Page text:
Liked by 1 person

      1. I would understand if they chose not to get off the train! What a contrast it must be, all those green hills and lovely views being abruptly replaced by derelict buildings and the like. It kind of reminds me of a school trip I had to take part in when I was little. We visited a partner school in East Berlin and driving through the Zone was terrifying! I felt so unhappy about the whole place and that school, I was so glad when we finally went back home to the West!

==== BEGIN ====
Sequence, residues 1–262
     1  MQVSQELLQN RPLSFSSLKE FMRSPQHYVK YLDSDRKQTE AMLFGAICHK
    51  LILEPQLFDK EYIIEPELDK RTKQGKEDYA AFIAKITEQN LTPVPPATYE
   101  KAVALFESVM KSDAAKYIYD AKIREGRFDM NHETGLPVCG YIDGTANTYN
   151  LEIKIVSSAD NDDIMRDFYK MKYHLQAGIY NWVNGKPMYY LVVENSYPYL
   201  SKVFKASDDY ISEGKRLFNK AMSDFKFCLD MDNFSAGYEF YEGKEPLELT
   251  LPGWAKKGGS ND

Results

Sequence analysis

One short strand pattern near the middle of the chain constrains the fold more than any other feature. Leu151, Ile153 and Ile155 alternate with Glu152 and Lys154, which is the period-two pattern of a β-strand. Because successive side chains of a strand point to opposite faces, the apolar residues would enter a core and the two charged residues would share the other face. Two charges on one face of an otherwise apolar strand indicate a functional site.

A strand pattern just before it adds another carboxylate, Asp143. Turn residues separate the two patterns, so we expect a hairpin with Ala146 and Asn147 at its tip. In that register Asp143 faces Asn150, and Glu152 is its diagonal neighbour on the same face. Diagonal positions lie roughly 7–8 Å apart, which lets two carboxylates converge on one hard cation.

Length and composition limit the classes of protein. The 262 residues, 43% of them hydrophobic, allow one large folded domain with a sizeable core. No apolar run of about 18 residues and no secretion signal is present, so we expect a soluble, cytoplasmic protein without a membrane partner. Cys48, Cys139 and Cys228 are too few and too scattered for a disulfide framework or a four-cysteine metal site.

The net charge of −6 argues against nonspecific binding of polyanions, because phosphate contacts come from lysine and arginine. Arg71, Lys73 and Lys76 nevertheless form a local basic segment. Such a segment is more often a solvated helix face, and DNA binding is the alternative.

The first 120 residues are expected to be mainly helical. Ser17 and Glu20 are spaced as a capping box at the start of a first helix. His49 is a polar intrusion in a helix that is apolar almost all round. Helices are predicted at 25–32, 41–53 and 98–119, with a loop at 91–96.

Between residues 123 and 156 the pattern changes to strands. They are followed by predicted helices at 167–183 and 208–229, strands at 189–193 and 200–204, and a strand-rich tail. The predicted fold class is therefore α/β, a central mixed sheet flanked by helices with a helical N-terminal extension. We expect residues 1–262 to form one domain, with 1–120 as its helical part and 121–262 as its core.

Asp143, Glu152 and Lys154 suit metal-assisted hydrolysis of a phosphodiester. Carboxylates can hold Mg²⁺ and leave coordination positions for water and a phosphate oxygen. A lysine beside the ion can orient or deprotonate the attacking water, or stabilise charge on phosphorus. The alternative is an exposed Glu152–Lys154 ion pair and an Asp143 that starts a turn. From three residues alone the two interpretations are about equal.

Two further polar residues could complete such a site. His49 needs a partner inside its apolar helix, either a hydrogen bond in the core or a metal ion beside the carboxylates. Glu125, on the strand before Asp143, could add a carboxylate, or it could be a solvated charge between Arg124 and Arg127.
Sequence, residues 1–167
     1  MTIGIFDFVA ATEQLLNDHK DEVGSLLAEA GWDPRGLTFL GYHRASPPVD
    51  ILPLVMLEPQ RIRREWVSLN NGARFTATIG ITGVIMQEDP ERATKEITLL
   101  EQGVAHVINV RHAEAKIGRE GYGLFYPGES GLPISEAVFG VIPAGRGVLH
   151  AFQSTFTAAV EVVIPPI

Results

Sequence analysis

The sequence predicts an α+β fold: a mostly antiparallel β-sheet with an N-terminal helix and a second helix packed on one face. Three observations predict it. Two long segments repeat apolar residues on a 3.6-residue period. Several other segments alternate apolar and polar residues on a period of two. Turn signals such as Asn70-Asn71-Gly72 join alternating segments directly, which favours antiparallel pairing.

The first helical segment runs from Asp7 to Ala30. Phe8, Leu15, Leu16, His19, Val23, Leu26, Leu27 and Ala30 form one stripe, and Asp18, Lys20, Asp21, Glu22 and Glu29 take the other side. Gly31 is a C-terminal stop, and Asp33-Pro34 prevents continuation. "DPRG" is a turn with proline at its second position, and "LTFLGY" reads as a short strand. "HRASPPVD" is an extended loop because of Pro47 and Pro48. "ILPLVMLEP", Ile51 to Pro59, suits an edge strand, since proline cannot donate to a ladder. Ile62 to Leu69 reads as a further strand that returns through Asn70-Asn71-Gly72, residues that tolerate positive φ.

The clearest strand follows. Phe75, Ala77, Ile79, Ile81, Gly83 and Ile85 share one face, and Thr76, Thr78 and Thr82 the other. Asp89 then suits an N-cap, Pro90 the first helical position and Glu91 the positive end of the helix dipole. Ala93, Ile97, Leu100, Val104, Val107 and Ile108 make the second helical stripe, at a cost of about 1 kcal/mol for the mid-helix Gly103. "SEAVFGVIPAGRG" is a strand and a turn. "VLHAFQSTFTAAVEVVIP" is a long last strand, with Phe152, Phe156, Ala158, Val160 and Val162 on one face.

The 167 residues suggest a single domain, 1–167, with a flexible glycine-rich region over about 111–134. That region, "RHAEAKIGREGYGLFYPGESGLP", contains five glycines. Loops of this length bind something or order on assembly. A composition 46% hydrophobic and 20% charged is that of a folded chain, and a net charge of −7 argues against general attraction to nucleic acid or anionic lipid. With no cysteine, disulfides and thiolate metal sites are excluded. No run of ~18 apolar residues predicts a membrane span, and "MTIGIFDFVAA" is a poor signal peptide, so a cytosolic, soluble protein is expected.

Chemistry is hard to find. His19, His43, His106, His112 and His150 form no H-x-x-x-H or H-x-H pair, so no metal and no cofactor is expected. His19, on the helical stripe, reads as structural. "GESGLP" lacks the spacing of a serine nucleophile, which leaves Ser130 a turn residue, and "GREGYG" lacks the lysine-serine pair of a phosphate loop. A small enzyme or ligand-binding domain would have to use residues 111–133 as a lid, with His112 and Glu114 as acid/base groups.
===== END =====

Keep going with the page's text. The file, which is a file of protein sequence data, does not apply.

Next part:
Liked by 1 person

          1. I’ve never been to the Lake District, but I’ve heard about it, and of course I’m familiar with it via Beatrix Potter, one of my illustration heroes. πŸ˜‰ It seems a magnificent place!

            Liked by 1 person

            1. Funny you should say that because I don’t like it that much. For a botanist it is a green desert and very much a degraded and artificial landscape maintained by over-grazing. But it does look pretty from a distance!
              I love BPs illustrations too. And I can see her influence in your work. X